China is one of the countries we're featuring on Global Connections, a segment on CNN's Connect the World that takes two very different countries and asks you to find the connections. We asked author Jung Chang to give us her view on China and how it's changing.
London, England (CNN) -- Whether in the form of personal history or political biography, Jung Chang has spent her writerly life telling the story of China's tumultuous recent past.
The best-selling author of "Wild Swans," an account of three generations of women in her family, Chang gained a following for her frank portrait of life in China in the 20th century.
More recently, she's made waves with "Mao: The Unknown Story" -- the scathing, 800-plus page biography of the Chinese leader that she wrote with her husband, historian Jon Halliday.
Born in 1952 in Sichuan, a province in China's southwest, Chang came of age during the height of the Cultural Revolution. She served briefly as a Red Guard and worked a variety of odd jobs in the countryside before turning to studying English.
She left China for Britain in 1978 to further her studies and earned a doctorate in linguistics. She rose to literary fame after "Wild Swans" was published in 1991. "Mao: The Unknown Story," which took a decade to research, was released in 2005.
CNN caught up with Chang, who currently lives in London, and asked her about China and why it's so important to remember the past.
CNN: Your memoir and biography of Mao use different means to tell a story about China's recent history. Why is it so important to tell this story?
Jung Chang: Well, it's very important to me. "Wild Swans" is the story of my family -- my grandmother, my mother and myself. I started writing the book after my mother told me the stories of her life and my grandmother's life. So those things are written primarily for myself.
And then with Mao, there is still a lot of myth about him perpetuated in China today. I feel the Chinese don't know about the real man and the world still knows relatively little about him. I, myself, when I started writing the book in the early 1990s felt I didn't know all that much. I wanted to find out more, then tell the story to the world.
CNN: Your books are banned in China. How does that make you feel?
JC: I feel frustrated and very unhappy of course. The Chinese should be allowed to remember. What happened under Mao affected so many people's lives, and that sort of agony and that terrifying past has not been properly processed in people's memories. I think that's not healthy.
But my books are published in Hong Kong. Hong Kong is still largely separate from mainland China, which is wonderful from my point of view as a writer. It means many copies have gone into mainland China from Hong Kong.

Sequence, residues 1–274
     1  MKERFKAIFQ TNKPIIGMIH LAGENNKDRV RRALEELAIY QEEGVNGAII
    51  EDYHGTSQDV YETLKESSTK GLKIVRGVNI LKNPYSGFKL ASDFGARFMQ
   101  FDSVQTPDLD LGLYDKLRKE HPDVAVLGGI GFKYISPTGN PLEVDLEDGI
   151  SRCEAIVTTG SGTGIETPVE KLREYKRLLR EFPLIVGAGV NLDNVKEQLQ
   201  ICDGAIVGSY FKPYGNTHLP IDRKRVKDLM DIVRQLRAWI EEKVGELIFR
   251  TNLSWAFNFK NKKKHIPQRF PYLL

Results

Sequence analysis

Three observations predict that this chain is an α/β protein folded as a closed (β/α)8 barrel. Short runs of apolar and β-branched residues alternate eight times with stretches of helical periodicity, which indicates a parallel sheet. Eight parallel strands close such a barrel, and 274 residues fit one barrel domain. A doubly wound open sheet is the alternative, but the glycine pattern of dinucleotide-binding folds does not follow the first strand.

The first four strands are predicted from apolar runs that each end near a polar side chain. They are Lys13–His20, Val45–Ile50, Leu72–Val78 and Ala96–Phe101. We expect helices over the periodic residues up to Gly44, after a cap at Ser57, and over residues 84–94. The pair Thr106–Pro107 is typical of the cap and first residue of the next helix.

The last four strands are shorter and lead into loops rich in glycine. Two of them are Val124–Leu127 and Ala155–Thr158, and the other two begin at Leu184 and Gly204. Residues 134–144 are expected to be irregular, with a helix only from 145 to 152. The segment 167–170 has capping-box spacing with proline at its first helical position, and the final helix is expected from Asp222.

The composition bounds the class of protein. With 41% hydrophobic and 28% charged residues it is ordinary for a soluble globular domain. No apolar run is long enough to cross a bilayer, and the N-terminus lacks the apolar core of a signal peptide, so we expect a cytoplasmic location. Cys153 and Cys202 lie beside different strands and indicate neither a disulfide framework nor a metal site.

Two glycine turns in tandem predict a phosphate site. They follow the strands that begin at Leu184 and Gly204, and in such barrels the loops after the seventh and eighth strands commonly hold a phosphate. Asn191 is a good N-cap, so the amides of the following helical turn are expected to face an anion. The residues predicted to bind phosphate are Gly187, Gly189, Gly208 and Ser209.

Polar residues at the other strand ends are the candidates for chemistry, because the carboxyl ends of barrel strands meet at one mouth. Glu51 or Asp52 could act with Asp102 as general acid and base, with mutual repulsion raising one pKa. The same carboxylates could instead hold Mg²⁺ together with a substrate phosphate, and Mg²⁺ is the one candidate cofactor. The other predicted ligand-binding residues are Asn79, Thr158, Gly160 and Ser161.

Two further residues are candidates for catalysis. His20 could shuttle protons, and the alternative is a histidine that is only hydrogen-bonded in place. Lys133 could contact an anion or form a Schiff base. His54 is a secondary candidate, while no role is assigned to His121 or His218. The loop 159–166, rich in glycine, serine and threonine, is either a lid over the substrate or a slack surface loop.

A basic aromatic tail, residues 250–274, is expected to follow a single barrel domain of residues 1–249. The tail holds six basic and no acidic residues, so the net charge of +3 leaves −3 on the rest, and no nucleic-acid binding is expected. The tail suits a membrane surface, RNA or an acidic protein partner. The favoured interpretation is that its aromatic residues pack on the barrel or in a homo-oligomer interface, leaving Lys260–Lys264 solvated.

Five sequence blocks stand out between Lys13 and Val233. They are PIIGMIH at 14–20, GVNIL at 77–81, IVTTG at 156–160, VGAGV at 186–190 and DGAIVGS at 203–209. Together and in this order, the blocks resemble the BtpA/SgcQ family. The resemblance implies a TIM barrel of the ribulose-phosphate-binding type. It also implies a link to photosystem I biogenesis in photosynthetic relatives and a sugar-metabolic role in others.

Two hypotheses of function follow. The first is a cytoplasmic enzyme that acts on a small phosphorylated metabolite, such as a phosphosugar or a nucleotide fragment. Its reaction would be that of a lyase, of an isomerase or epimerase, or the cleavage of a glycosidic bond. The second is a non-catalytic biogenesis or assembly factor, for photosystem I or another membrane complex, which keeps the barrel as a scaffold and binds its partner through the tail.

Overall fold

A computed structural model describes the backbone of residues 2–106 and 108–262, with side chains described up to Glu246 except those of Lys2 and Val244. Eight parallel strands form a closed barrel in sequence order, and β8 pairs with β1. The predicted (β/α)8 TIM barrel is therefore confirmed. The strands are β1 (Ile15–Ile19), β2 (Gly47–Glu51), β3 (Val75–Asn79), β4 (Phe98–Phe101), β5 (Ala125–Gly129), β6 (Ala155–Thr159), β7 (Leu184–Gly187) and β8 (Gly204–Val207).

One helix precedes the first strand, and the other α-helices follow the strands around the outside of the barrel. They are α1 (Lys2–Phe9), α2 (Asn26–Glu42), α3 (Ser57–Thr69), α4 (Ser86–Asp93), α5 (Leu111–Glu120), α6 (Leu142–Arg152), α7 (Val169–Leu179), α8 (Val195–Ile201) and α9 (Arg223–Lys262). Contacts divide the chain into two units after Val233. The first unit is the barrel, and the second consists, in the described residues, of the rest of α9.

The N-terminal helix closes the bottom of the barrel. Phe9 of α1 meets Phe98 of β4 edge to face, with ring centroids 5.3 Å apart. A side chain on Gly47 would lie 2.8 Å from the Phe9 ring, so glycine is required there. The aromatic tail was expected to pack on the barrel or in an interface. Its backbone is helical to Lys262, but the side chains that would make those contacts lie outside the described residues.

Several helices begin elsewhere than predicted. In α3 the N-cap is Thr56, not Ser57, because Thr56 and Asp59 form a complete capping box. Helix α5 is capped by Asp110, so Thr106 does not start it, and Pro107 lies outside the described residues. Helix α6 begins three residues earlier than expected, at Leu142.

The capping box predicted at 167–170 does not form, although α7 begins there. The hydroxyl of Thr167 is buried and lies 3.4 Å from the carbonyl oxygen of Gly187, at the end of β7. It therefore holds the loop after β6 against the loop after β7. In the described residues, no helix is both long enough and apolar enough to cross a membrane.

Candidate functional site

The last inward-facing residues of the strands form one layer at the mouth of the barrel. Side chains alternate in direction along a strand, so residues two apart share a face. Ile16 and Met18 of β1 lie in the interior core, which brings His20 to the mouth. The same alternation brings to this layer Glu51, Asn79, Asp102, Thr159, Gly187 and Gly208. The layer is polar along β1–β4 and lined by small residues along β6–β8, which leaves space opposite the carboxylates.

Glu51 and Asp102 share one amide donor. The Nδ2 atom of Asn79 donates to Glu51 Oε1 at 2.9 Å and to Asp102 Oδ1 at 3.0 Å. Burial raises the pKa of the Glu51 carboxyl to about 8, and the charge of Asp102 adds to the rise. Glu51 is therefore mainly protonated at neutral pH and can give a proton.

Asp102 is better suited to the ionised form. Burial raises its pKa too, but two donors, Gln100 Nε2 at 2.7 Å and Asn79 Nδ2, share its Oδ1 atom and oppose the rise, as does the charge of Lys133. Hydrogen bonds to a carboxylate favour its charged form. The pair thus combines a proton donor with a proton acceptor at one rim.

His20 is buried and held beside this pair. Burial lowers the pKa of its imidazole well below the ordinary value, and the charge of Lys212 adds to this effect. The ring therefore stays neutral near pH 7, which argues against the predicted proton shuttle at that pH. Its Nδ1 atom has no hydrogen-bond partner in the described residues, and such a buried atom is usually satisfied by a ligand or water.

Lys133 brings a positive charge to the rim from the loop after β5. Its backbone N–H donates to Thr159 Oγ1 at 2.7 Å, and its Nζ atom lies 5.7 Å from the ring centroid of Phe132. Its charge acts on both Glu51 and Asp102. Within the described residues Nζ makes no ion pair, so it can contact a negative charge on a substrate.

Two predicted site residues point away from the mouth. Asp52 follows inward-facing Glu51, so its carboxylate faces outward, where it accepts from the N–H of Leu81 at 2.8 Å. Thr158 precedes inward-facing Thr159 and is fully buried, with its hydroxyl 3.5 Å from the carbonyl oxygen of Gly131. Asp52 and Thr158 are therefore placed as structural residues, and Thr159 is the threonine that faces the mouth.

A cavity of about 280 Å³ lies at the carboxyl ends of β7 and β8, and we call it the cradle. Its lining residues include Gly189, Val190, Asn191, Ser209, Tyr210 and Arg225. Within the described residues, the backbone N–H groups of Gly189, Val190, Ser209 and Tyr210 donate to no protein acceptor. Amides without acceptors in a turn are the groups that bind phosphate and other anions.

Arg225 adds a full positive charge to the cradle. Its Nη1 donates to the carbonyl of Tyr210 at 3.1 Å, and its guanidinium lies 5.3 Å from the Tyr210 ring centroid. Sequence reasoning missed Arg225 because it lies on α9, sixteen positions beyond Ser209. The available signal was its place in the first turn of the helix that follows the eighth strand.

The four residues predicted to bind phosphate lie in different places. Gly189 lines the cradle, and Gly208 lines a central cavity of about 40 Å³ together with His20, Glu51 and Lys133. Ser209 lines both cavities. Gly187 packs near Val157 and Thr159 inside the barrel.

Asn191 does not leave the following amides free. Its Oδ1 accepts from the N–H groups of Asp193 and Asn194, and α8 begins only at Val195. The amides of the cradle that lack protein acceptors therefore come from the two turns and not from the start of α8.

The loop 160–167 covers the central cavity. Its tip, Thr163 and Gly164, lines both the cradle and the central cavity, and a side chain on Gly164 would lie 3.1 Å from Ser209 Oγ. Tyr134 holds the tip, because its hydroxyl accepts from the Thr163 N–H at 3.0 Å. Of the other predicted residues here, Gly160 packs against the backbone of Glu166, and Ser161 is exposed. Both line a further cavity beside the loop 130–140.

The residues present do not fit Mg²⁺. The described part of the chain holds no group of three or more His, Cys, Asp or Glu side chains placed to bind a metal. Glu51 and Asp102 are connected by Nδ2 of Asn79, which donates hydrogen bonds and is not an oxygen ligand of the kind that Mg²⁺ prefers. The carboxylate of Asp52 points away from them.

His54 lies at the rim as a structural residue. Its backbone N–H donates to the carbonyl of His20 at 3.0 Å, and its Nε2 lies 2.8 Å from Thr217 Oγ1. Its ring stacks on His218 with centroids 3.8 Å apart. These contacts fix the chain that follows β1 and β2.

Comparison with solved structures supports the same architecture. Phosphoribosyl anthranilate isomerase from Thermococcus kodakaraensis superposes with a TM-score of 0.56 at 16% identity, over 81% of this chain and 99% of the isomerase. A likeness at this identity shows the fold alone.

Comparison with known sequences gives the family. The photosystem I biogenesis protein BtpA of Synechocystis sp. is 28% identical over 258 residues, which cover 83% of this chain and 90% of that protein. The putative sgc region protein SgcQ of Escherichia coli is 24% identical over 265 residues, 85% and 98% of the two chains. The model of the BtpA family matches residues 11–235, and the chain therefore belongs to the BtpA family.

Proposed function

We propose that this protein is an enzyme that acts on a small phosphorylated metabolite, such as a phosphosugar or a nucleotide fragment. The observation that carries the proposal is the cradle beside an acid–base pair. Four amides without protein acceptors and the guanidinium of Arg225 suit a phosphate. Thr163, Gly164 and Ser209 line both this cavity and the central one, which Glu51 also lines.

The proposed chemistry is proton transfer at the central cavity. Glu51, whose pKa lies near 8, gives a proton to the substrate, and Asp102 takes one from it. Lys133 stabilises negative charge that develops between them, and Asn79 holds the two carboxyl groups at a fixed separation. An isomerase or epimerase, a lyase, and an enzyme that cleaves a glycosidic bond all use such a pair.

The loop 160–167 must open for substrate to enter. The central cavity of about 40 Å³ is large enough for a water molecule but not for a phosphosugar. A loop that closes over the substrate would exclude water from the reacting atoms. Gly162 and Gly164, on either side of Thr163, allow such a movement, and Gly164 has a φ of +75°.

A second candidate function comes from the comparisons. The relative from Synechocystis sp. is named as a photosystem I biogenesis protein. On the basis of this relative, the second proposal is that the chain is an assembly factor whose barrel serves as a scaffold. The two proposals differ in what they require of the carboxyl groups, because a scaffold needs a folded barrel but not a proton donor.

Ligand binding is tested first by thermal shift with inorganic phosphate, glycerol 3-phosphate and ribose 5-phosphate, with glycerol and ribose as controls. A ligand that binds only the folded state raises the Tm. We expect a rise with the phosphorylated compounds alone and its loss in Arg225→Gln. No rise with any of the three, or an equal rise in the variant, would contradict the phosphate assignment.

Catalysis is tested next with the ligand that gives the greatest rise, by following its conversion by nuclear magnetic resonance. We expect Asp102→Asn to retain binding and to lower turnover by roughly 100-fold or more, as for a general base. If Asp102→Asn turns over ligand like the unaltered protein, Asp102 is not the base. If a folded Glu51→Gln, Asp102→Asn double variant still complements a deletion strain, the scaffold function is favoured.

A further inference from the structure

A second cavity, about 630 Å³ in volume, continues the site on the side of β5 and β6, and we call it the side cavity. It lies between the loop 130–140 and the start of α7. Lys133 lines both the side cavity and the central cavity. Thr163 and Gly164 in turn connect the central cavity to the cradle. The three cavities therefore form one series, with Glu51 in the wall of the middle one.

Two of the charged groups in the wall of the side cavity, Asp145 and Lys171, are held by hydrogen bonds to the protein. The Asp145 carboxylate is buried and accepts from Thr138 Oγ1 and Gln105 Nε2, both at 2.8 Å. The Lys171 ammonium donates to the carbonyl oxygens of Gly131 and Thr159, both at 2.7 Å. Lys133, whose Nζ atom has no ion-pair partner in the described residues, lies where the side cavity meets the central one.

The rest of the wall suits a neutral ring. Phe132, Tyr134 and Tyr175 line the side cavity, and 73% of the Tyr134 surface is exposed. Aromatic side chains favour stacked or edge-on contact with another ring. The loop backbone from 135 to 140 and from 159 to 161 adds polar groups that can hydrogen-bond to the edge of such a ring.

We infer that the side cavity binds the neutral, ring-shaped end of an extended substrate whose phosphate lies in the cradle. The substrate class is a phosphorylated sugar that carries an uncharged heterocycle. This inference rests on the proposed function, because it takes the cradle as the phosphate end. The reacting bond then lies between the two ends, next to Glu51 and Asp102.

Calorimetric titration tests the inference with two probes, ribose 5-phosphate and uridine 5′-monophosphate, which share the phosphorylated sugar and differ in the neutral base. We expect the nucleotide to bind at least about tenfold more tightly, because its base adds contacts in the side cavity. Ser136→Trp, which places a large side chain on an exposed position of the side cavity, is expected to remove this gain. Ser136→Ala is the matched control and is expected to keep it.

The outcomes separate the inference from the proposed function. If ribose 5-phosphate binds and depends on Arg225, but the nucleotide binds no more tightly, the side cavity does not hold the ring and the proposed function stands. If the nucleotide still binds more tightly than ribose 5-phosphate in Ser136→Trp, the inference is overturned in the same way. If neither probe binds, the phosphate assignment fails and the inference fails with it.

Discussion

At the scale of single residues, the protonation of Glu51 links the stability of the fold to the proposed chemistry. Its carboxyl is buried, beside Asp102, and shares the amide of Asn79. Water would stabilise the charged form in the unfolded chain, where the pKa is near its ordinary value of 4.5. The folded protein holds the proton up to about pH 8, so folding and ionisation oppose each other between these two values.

CNN: China is such a rapidly changing country. What changes stand out most to you?
JC: I think particularly in the initial years what stuck me most was the dramatic diminishment of fear. When I was growing up, we lived in fear all the time. People aren't living like that any longer.
People are under the impression that China is what it is today because Mao had laid the foundation. Far from it. Mao held the country back. The dramatic change that happened after Mao died was because he had died. The force and the terror that held the Chinese back, was suddenly removed.
Of course now there is a dramatic improvement in people's lives, in all aspects, not only material but in terms of personal freedom, the freedom of travel and lots of other personal freedoms.
Of course, having said all that, there are still many things that frustrate me. There is still no freedom of expression in the public arena. Books are banned, including my books, which is intensely frustrating.
CNN: What future do you see for the country and what do you hope for?
JC: If there isn't anything dramatic happening, I think the country will probably go on as it is for a very long time. People's lives will probably continue to improve slowly but there will still be repression in many ways.
I hope, of course, for the obvious and the best -- I want people to enjoy the kind of freedom they do in Britain for example. From my point of view as a writer, I hope the country will find a way to talk about the past in an honest way -- to debate about the past without inhibition.
CNN: What do you miss most about China?
JC: I sometimes ask myself this question, but I realize I don't miss any particular thing. What I miss is something intangible. China -- as a culture, as a people -- is something that I care about. It is under my skin.
But exactly what it is that makes me feel restless, I'm not sure. I guess I miss the whole place, the people who have been through so much and the country, which is so old and yet so young and energetic. It has experienced so much tragedy and yet remains so optimistic and upbeat. All these things make tears come to my eyes.